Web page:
Lately my husband and I have been talking about starting a family.
While half of me would be delighted to have a tiny version of him, the other half of me is terrified we’ll end up with a tiny version of me.
Wait, hold up, I should explain: I don’t hate myself (at least not everyday). I have some pretty epic depression going on, as well as some mild ADHD and social anxiety. I mean, it’s under control and all -most of the time- but it’s been with me for years and I’m very aware that it’s hereditary.
So what does this mean for my yet-to-be conceived foetus?
Will my hypothetical small human come out crying uncontrollably? Oh wait, that’s what babies do. Will it weep for hours on end, not being able to tell anyone what’s wrong? Oh, wait. Ok well will it be unable to get itself out of bed, feeling totally out of control of its own life? Oh.
So you see my problem – for the first year or two of my baby’s life I’m going to be totally confused as to whether it has inherited my messed up brain (and is therefore royally screwed), or if it’s just being a baby. Wait, am I a baby? Don’t answer that.
I know, I’m getting ahead of myself – getting all anxious about something that hasn’t even been conceived yet. But maybe that’s just it – my body might already know this and is probably building up walls in my uterus as we speak.
Click through to see some of the most influential Australians who speak up about their mental health. (Post continues after gallery.)
Can I even make a baby? Are my eggs depressed too? Who am I kidding – of course they are. Look where they live. It’s not exactly a stunning chateau with ocean views (though it is on the waterfront).
I can picture them now: all my eggs sitting there in their squished up little ovarian studio apartment, having meetings about everything that could go wrong and how the world is a horrible place and being alive is just way too exhausting, deciding that it’s just not worth it. And over in Block B, the other eggs can’t get motivated enough to even hold a meeting, and when they finally do nobody can concentrate so they start doodling on their notepads instead of taking minutes. Then somebody puts on a cat video and the whole meeting just goes to shit.
Meanwhile, my husband’s sperm is just bouncing around the main drag with ridiculous energy, wearing Ray Bans, clutching tiny tourist maps and insisting on a fruitless hike up to Mt Cervix and beyond ‘just for a look around’ (uhh, yea, If you’d ever been traveling with my husband this would make a lot more sense). Then the egg that’s just been evicted will burst out, going full kamikaze for the exit, bitch-slapping each and every confused sperm on the way out “So long, suckers!”.
Have you watched Mia Freedman talk to ReachOut about life after year 12 exams? She’s helping year 12 students remember that their exams aren’t everything. (Post continues after video.)
Let’s say that by some miracle one of my eggs has a good day, accepts the invitation and makes a tiny person. The obvious question is always right there staring me in the face: I hold in my genes a condition which is hereditary. Does this mean I should tie my tubes and cut the chain? Is it my responsibility as a mentally ill woman never to reproduce? Is it selfish for me, or for anyone else with a hereditary mental health condition, to create new people and pass on the crazy? Should we refrain from making babies when there is so much they can inherit?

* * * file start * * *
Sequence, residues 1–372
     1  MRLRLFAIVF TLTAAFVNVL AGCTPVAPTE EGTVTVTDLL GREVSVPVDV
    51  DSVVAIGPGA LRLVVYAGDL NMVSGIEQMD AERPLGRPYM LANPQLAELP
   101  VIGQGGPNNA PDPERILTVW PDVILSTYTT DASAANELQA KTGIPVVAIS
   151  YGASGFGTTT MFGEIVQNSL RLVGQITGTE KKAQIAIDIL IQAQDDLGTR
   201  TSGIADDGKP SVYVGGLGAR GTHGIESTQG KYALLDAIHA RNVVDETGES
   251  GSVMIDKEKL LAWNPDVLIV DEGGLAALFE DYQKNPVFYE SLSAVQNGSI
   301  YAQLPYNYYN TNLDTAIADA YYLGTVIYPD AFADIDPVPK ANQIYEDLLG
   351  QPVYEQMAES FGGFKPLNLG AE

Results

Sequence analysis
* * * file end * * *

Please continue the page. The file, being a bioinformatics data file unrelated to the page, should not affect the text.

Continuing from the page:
The answer is no fucking way.
I am not my illness. I have more to pass on than just crappy moods, bad days and unexplained tears.
I am creative. I’m intelligent. I’m curious and empathetic and sensitive and kind. Sure, I swear like a sailor, I get upset and grumpy and my eyes leak for days on end, but does that mean I can’t create an incredible human? No.
Living with my ‘problems’ makes me see things differently. I feel a tonne of emotion, I know right from wrong and I’m really not a bad person. I dream and I try every single day – and as far as I can tell, those are some of the most important lessons that we must teach our children.
I would never want my child to feel pain, but I know they will. Mental illness awareness is growing by the day, and a vast amount of assistance and empathy will be available to them, much more than I ever had growing up.
Plus, they’ll have something even better – a mother who knows exactly what it’s like. A mother who will hide under the covers with them and cry with them without asking a single question or telling them to ‘snap out of it’ or ‘suck it up’. A mother who teaches them to love what is special about them, to be grateful for their strengths and be friends with their weaknesses.
So my eggs can whinge and cry and rage it, but I know that just like me they hold a tiny glimmer of hope that one day the clouds will lift. And if it’s true that you can’t love another until you love yourself, then maybe loving a mini version of you is the way to your own heart. In the meantime I’ll be here, holding my husband’s hand, going on those hikes ‘just for a look around’.
Bexy McFly is a writer from Sydney. You can read more of her work here.
What do you think of being a parent with depression?